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Cyclin D3 protein content in human renal cell carcinoma in relation to cyclin D1 and clinicopathological parameters.
Umeå University, Faculty of Medicine, Medical Biosciences.
2002 In: Acta Oncologica, ISSN 0284-186X, Vol. 41, no 2, 175-181 p.Article in journal (Refereed) Published
Place, publisher, year, edition, pages
2002. Vol. 41, no 2, 175-181 p.
URN: urn:nbn:se:umu:diva-4297OAI: diva2:143323
Available from: 2003-06-11 Created: 2003-06-11Bibliographically approved
In thesis
1. Cell Cycle Regulation in Human Renal Cell Carcinoma
Open this publication in new window or tab >>Cell Cycle Regulation in Human Renal Cell Carcinoma
2003 (English)Doctoral thesis, comprehensive summary (Other academic)
Abstract [en]


Cell cycle regulation in human renal cell carcinoma

Ylva Hedberg, Departments of Medical Biosciences, Pathology, and Surgical and

Perioperative Sciences, Urology Andrology, Umeå University, Sweden

Deregulated growth control is a hallmark of neoplasia potentially caused by aberrant expression of cell cycle regulatory proteins. The importance of such aberrations in human renal cell carcinoma (RCC) has not been fully clarified. Therefore, the protein expressions of several G1/S regulatory proteins in human RCC were evaluated and their relation to clinico-pathological data was examined.

Western blotting and immunohistochemistry were used to detect the proteinexpression of cyclin D1, D3, and E in 80 RCCs. Most tumors expressed higher levels of cyclin D1 (75%) and cyclin E (65%) compared to corresponding normal kidney cortex. In contrast, only 16 % of the tumors had high levels of cyclin D3. In conventional RCCs, low levels of cyclin D1 were associated with large tumor size, aneuploidy and a poor outcome for the patients. High expression of cyclin D3 and E

were associated with aneuploidy, high proliferation, high TNM-stage, and high nuclear grade. Cyclin E was positively correlated to cyclin D3 but inversely associated with cyclin D1. Cyclin D3 and E were not associated with survival. The majority of RCCs had normal p27 levels, determined by immunohistochemistry, whereas the few tumors with low p27 levels were associated with large tumor size and poor survival.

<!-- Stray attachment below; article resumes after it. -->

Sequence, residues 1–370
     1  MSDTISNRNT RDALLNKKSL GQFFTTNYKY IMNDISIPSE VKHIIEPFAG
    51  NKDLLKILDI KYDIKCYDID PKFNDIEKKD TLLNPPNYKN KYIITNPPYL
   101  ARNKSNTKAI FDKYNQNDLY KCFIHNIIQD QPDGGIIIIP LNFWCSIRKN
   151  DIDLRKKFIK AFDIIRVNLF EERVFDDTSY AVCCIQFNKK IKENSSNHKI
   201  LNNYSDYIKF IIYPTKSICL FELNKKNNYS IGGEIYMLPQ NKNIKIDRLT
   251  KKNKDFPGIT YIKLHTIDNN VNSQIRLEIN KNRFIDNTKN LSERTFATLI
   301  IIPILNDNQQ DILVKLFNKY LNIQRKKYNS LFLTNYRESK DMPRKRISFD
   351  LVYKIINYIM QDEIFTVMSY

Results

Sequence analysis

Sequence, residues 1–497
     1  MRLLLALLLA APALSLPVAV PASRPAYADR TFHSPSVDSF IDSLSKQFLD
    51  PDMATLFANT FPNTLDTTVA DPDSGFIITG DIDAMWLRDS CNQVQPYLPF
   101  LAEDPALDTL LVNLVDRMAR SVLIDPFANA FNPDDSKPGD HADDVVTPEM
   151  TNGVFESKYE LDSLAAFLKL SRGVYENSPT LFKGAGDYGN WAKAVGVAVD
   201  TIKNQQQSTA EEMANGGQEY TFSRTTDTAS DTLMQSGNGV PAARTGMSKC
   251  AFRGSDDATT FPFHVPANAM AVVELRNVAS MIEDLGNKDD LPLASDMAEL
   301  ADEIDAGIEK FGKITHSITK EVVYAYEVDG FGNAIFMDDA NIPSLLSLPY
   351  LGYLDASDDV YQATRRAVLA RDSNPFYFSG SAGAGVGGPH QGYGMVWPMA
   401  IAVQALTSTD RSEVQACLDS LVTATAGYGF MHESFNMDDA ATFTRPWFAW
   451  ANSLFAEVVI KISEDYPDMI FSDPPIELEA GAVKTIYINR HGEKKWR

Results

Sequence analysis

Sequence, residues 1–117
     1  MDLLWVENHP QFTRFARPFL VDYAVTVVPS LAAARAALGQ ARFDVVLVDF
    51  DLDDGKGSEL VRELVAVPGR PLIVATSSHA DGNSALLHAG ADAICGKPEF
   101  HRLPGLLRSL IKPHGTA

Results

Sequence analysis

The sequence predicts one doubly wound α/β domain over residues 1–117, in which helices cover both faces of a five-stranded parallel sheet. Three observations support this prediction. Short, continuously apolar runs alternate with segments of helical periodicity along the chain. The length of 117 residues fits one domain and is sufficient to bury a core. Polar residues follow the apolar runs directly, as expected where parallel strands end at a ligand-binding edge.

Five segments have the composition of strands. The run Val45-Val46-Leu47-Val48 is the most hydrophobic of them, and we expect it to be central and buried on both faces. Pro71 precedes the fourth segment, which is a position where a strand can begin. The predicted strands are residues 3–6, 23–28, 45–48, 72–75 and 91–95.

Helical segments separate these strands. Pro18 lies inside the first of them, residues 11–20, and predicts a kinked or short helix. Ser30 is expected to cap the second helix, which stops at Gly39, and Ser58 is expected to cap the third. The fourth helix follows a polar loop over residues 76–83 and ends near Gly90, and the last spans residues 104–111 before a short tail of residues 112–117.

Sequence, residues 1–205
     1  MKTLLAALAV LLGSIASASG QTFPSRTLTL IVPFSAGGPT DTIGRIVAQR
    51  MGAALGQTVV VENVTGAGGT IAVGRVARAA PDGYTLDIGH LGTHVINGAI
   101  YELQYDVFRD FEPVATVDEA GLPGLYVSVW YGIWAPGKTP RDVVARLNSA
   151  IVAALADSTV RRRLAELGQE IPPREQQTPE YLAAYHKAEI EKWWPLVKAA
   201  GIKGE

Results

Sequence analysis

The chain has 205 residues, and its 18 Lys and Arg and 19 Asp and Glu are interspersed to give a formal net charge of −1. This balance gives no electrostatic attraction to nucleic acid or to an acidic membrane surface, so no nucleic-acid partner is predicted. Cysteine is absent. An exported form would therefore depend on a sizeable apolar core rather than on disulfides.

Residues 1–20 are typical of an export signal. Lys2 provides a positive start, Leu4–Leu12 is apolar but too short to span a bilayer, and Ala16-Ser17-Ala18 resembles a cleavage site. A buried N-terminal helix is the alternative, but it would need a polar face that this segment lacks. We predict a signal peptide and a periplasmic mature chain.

In order to confirm and extend our initial studies, a tissue microarray consisting of 218 RCCs was constructed and cyclin D1, D3, E, p27 were detected by immunohistochemistry. The tissue microarray results were validated by comparing the array data with western analyzes. Due to the large number of tumors analyzed we could evaluate potential differences in expression patterns of cell cycle regulators between conventional, papillary, and chromophobe RCCs. Interestingly, the protein expression differed between RCC types, showing that the conventional tumors generally had high cyclin D1 expression. In contrast, papillary and chromophobe RCCs had high cyclin E expression. Downregulation of p27 was found mostly in chromophobe RCCs.

The retinoblastoma protein (pRb) was detected in all RCCs. Phosphorylation of pRb, detected by western blotting or immunohistochemistry and phospho-specific antibodies, was observed in approximately 50% of the tumors. The cdk-inhibitor p16 was not overexpressed suggesting that pRb was functional in the majority of RCCs.

In summary, abnormal expression of G1-cyclins and the CDK-inhibitor p27 was common in RCC whereas the main G1/S-substrate, pRb, seemed to be functional. The aberrations further differed between the separate RCC subtypes and were linked to clinical behavior.

48 p.
Umeå University medical dissertations, ISSN 0346-6612 ; 839
Medicine, Human Renal Cell Carcinoma, Cell Cycle, G1/S, Protein, Cyclin, p27, pRb, Phosphorylation, Tissue Microarray, Clinical Behaviour, Medicin
National Category
Dermatology and Venereal Diseases
Research subject
Medical Cell Biology
urn:nbn:se:umu:diva-38 (URN)91-7305-445-3 (ISBN)
Public defence
2003-05-30, Hörsal Betula, Byggnad M6, Umeå, 09:00
Available from: 2003-06-11 Created: 2003-06-11Bibliographically approved

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